After a delayed flight from Montevideo in Uruguay I decided to improve my networking Linux skills and teach myself a bit more about how to check if a port is in use on Linux.

I must admit, I am not a networking person. To be honest, I don’t really like that branch in the tech world. I also, know this is super important to master. For now, I’m OK understanding and able to troubleshoot most common networking issues on Linux, macOS and Windows.

Check if port is in use on Linux

All commands are to be run using our friend the Linux Terminal. 🙂 I use bash.

lsof command

This tool was not installed on my Linux box. You can install it using yum/apt/or whatever package manager you’re using. Here are a couple sample commands.

To view if a specific port is open:

sudo lsof -i:22

View all ‘Listening’ ports:

sudo lsof -i -P -n | grep LISTEN

You should get an output similar to this:

check port is in use lInux
lsof command output

netstat command

The netstat command is one I have used in the past on a Windows box, but always found it a bit complicated to understand the output. Anyways, below some sample outputs.

To view all open ports:

netstat -tulpn | grep LISTEN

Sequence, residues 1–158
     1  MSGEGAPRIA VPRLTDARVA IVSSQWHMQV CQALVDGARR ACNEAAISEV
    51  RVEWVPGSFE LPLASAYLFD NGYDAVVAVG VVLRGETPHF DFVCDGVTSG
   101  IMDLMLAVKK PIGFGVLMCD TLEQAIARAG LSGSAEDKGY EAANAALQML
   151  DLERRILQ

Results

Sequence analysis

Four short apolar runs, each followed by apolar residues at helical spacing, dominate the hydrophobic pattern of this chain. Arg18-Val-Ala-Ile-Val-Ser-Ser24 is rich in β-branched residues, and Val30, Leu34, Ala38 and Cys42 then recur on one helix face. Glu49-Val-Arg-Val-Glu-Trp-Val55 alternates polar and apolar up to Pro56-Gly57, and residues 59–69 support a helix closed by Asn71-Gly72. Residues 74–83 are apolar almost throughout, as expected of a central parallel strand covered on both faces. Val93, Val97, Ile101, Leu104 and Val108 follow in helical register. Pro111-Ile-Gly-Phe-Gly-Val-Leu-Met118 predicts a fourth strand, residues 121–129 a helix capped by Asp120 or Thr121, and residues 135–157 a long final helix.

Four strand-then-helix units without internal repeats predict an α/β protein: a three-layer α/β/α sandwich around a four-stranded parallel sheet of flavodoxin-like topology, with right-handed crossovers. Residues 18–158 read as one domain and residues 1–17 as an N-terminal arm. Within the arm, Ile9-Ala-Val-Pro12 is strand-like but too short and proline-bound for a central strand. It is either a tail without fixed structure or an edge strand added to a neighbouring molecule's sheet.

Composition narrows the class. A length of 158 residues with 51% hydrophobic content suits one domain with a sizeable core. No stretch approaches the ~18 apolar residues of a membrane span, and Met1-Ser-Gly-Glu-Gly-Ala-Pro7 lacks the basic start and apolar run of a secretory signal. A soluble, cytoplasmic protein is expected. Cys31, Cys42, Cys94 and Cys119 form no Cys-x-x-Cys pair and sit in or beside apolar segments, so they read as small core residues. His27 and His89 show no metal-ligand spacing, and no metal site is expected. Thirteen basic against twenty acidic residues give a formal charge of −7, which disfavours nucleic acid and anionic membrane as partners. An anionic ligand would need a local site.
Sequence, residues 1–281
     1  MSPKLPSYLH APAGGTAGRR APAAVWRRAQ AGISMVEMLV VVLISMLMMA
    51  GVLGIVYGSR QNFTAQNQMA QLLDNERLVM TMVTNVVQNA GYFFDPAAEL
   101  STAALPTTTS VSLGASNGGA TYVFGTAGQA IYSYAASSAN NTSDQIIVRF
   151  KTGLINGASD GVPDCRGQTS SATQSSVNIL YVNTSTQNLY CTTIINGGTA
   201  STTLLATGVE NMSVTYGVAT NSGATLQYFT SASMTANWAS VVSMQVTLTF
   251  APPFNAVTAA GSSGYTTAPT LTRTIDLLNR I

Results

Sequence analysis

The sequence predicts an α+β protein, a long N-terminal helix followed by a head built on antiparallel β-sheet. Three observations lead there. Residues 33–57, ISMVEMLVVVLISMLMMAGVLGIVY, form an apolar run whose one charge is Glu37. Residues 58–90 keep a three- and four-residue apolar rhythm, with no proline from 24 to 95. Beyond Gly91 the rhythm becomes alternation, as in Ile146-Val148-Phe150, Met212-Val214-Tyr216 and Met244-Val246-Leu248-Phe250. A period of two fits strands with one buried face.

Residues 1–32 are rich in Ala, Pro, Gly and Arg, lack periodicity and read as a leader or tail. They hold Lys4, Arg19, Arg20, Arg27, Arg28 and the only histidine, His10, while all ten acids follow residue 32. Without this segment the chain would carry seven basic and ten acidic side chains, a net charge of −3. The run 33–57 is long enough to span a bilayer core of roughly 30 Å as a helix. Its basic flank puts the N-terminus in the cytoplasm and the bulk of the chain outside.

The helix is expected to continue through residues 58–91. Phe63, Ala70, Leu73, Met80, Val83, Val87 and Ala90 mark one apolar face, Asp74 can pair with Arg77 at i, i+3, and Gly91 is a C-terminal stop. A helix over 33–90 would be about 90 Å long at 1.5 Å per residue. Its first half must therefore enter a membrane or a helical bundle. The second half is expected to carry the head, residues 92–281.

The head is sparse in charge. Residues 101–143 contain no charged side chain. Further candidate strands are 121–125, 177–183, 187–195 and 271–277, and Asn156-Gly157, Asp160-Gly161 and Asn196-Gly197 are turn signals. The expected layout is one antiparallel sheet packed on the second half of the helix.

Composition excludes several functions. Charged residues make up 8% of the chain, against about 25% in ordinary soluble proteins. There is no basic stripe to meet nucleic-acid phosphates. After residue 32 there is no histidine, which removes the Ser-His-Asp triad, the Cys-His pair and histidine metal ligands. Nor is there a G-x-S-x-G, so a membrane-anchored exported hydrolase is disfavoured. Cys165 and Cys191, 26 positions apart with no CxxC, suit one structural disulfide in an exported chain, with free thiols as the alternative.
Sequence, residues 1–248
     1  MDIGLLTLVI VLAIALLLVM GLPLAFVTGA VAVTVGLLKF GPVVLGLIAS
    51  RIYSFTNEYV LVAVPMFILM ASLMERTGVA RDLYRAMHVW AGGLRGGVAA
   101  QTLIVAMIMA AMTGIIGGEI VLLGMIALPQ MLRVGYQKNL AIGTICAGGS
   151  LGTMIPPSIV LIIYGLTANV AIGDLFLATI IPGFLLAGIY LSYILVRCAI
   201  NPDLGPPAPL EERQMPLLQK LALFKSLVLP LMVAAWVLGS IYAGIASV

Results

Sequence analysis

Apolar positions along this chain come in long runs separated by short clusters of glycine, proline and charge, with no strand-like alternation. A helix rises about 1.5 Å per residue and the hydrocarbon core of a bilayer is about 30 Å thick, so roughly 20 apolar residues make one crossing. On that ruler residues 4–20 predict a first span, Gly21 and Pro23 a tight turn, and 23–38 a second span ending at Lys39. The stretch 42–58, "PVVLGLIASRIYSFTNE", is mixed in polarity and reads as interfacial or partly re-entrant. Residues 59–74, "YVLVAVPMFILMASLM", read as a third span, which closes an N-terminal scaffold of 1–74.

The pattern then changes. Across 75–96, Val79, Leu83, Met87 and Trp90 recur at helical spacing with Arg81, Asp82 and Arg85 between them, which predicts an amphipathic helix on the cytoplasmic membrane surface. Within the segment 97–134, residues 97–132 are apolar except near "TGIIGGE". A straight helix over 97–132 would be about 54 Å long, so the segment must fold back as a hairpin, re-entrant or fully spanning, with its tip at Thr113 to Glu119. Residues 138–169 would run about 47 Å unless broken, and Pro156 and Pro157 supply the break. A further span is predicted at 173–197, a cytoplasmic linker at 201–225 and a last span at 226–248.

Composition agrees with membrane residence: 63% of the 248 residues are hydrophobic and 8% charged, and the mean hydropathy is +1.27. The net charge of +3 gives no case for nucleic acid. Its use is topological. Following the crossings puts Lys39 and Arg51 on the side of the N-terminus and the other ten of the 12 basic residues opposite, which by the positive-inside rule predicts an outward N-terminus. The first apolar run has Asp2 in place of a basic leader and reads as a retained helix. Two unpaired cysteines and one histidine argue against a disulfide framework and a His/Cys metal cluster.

To view if a specific port is open. For example SSH on port 22:

netstat -tulpn | grep ':22'

nmap command

The nmap command I have used it mainly in Ubuntu. I like it because you can scan a whole network and the output looks a bit more organized.

To scan your machine for open ports:

nmap localhost

You should get:

Starting Nmap 7.94 ( ) at 2023-12-07 16:11 EST
Nmap scan report for localhost (
Host is up (0.000034s latency).
Other addresses for localhost (not scanned): ::1
Not shown: 997 closed tcp ports (conn-refused)
22/tcp   open  ssh
88/tcp   open  kerberos-sec
5900/tcp open  vnc

You can run nmap on another host:

sudo nmap -sT -O (TCP ports)
sudo nmap -sU -O (UDP ports)

Very cool! I hope this brief tutorial helps somebody out there. Contact me if you have questions or like to collaborate. Also, remember to check my coffee mugs and T-Shirt designs. Some are below too.

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